Chelsea boss Thomas Tuchel promised to stay at Stamford Bridge until at least the end of the season amid ongoing uncertainty behind the scenes at the London club.

The German head coach saw his side snatch a 1-0 win against Newcastle United on Sunday thanks to a sublime 89th-minute goal from Kai Havertz.

Blues owner Roman Abramovich was one of seven Russian oligarchs to have assets frozen by the UK government on Thursday due to his native country's military invasion of Ukraine.

Chelsea are now operating under a special sporting licence, barring them from negotiating new contracts or transfers and preventing them from making ticket or merchandise sales, although reports have suggested the government may permit a swift sale of the club.

Speaking at a media conference after Sunday's win, Tuchel addressed his own immediate future.

"There's no doubt I stay until the end of the season," he said. "We just have to wait day by day because everything can change.

"There are circumstances we can't influence, but that gives us the freedom to focus on the things we can influence.

"The focus is on the first team, our players and me. But Chelsea is much more than just the first team. It is a massive club with huge tradition and there are hundreds of staff. It's not just the players, and it's important we show the spirit and give them the distraction."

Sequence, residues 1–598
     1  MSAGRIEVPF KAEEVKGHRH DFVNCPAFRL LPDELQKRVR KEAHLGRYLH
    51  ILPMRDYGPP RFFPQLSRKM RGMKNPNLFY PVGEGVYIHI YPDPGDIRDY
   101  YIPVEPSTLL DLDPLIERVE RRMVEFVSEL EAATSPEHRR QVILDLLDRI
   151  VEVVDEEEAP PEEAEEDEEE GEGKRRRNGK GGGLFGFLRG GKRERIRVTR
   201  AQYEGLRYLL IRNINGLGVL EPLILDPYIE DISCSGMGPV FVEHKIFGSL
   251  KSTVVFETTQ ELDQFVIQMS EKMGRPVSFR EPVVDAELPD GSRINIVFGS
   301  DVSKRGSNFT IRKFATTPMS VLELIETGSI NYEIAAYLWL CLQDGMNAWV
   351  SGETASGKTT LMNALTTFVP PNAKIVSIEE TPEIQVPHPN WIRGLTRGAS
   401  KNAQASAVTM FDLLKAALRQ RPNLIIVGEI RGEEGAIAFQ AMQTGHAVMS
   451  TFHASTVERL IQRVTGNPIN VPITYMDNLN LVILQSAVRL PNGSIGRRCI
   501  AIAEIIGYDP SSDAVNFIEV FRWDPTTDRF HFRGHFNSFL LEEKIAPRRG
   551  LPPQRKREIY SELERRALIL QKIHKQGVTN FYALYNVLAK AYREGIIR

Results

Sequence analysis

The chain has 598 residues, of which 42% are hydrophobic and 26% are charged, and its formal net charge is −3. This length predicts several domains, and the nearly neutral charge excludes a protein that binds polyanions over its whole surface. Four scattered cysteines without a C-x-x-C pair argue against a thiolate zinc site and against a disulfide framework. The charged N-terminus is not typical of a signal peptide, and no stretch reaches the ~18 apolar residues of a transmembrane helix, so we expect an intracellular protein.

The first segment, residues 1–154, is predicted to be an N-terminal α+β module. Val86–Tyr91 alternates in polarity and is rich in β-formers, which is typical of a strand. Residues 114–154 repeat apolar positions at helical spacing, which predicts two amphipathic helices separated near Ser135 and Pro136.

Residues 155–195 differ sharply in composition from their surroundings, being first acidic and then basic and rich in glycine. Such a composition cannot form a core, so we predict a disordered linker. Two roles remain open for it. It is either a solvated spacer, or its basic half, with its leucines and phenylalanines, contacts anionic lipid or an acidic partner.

Chelsea 1-0 Newcastle United momentum

The former Borussia Dortmund and Paris Saint-Germain coach enthusiastically celebrated the late winner on the sidelines, and was relieved to overcome a tricky game against Eddie Howe's resurgent Magpies.

"The Kai Havertz goal was exceptional, and we had a hard time on the pitch," Tuchel said. "They were very physical, and it was difficult to accelerate the game in the last 30 metres. It was important not to concede so that with one quality chance we could win it, and we did it."

Tuchel was also asked about arrangements for their Champions League last-16 second leg in Lille on Wednesday.

"My last information is we have a plane and we can go by plane and come back by plane. If not, we go by train; if not, by bus; if not, I will drive a seven-seater," he joked.

"If you asked me 30 years ago if I could join a Champions League match at the sideline, I'd say, 'when do I need to be there and how do I need to be there?'."